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Japan must participate in Indian nuke energy programme, says PM

By A Correspondent
October 24, 2010 20:34 IST
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Prime Minister Manmohan Singh said on Sunday in an interview to the Japanese media in Tokyo that India is confident of signing a 'win-win' civilian nuclear deal with Japan and is looking forward to a comprehensive economic partnership agreement to boost bilateral trade.

Dr Singh arrived in Japan on Sunday for a two-day visit. He will proceed to Malaysia and later Vietnam for ASEAN-India and East Asia Summits.

In Japan, the prime minister will hold talks with Japanese Prime Minister Naoto Kan on issues ranging from civil nuclear energy cooperation to security cooperation and ways to enhance economic ties and joint infrastructure projects being carried out in India.

Excerpts from the prime minister's interview to Japanese media:

How crucial is Japanese nuclear technology in furthering of India's energy plans? Do you still believe that an agreement can be hammered out soon?

Developing countries like India seek new energy sources to sustain high rates of economic growth. We see nuclear energy as a vital component of our global energy mix. Our nuclear industry is poised for a major expansion and there will be huge opportunities for the global nuclear industry to participate in the expansion of India's nuclear energy programme.

We would like Japan to be our partner in this initiative. We are aware of the advanced capabilities of Japanese firms in this field and the important role they play in the global supply chain. We are negotiating an agreement on the peaceful uses of nuclear energy with Japan. I am confident that we will be able to conclude an agreement which will be a win-win proposition for both of us. We have not laid down any deadline for concluding these negotiations.

Japan said that it will annul nuclear cooperation if India goes for another nuclear test. Does India agree with this condition? How does India rate its nuclear non-proliferation record? Can India sign NPT?

Since negotiations are continuing on the bilateral nuclear cooperation agreement, I do not wish to comment on specific details. Both countries would benefit from an agreement that provides a long-term and stable basis of cooperation in the peaceful uses of nuclear energy. This will contribute towards our energy security requirements and will also help in the global efforts to combat climate change. 

India's position on the NPT is well-known. India has an impeccable non-proliferation record which has been recognized by the international community. We are committed to maintaining our unilateral and voluntary moratorium on nuclear explosive testing. India has been steadfast in its support for global and non-discriminatory nuclear disarmament in a time-bound framework. We are ready to work with Japan and other like minded countries in realizing the vision of a nuclear weapon free world.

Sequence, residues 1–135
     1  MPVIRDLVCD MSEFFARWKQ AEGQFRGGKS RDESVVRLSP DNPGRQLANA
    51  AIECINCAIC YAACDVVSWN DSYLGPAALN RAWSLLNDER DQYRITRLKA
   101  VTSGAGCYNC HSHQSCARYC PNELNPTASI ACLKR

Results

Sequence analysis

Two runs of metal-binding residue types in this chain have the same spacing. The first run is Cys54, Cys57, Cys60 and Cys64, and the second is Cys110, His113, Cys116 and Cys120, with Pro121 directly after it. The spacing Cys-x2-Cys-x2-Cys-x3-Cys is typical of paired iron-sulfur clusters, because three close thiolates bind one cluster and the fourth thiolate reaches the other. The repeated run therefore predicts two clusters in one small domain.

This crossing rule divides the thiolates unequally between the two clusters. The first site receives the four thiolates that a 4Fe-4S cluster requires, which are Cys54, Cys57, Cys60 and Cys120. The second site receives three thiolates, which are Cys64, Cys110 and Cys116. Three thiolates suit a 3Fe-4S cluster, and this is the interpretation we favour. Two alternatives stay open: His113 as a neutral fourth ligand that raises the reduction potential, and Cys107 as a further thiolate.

In recent days, China has had friction with Japan and other South East Asian countries. Will India counter Chinese aggressiveness or accept it as a reasonable phenomenon?

The Asian region is witnessing an unprecedented period of sustained economic growth in recent years. Countries in the region are engaged in improving standards of living of their people, and overcoming the effects of the global economic downturn. We all are trying to respond and readjust to global trends towards multi-polarity and managing the regional environment in Asia in a manner which enhances peace, security and overall development of our societies.

It is incumbent on all countries of the region to build cooperative partnerships and work towards an open and inclusive regional architecture.Inter-state relations must be based on the five principles of peaceful co-existence. It is in this context that we also approach our relations with China, with whom we have established a Strategic and Cooperative Partnership.

What is India's stance on UNSC reforms and to become a permanent member?

The reform of the United Nations Security Council to reflect contemporary global realities is an integral part of the ongoing UN reform process. The proposal led by the G-4 countries for reform of the Security Council, including by expansion of its permanent and non-permanent membership and improvement in its working methods, enjoys a high degree of support and acceptance among the UN members.

Early reforms are of utmost importance to enhance the credibility and effectiveness of the Council.

What can India contribute towards solution of the Afghan conflict? Would you like to deepen dialogue with Pakistan to improve bilateral ties and peace in Afghanistan?

Our links with Afghanistan are historic and civilisational, spanning several centuries. We have an interest in a stable, secure and peaceful Afghanistan, which can pursue its nation building efforts free from outside interference.

We welcome the role of the international community in supporting the development and reconstruction of Afghanistan. On our part, we have pledged more than US $ 1.3 billion in assistance to Afghanistan. Our assistance is Afghan-led and Afghan owned and lays particular stress on capacity building and human resource development. It has been widely welcomed by common people across that country and we will continue with it.

Pakistan has an important contribution to make in Afghanistan by denying support and sanctuary to terrorist and extremist groups that are working against the interests of the Afghan people, and by allowing the people of Afghanistan to determine their destiny freely and independently.
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A Correspondent in Tokyo